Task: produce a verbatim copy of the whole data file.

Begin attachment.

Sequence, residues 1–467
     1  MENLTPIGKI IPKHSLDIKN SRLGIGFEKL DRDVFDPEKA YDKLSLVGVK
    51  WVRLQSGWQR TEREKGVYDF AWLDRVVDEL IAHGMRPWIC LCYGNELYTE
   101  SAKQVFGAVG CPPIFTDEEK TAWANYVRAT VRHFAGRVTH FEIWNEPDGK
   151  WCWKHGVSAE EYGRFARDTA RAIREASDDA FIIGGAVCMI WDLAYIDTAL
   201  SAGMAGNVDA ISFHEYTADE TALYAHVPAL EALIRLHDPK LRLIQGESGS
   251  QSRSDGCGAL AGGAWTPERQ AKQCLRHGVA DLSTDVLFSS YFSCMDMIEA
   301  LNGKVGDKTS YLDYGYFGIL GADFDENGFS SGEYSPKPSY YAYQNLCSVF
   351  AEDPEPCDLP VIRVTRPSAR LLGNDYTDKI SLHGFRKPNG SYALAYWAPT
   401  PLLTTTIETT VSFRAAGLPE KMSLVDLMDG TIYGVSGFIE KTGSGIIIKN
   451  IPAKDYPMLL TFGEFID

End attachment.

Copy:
Sequence, residues 1–467
     1  MENLTPIGKI IPKHSLDIKN SRLGIGFEKL DRDVFDPEKA YDKLSLVGVK
    51  WVRLQSGWQR TEREKGVYDF AWLDRVVDEL IAHGMRPWIC LCYGNELYTE
   101  SAKQVFGAVG CPPIFTDEEK TAWANYVRAT VRHFAGRVTH FEIWNEPDGK
   151  WCWKHGVSAE EYGRFARDTA RAIREASDDA FIIGGAVCMI WDLAYIDTAL
   201  SAGMAGNVDA ISFHEYTADE TALYAHVPAL EALIRLHDPK LRLIQGESGS
   251  QSRSDGCGAL AGGAWTPERQ AKQCLRHGVA DLSTDVLFSS YFSCMDMIEA
   301  LNGKVGDKTS YLDYGYFGIL GADFDENGFS SGEYSPKPSY YAYQNLCSVF
   351  AEDPEPCDLP VIRVTRPSAR LLGNDYTDKI SLHGFRKPNG SYALAYWAPT
   401  PLLTTTIETT VSFRAAGLPE KMSLVDLMDG TIYGVSGFIE KTGSGIIIKN
   451  IPAKDYPMLL TFGEFID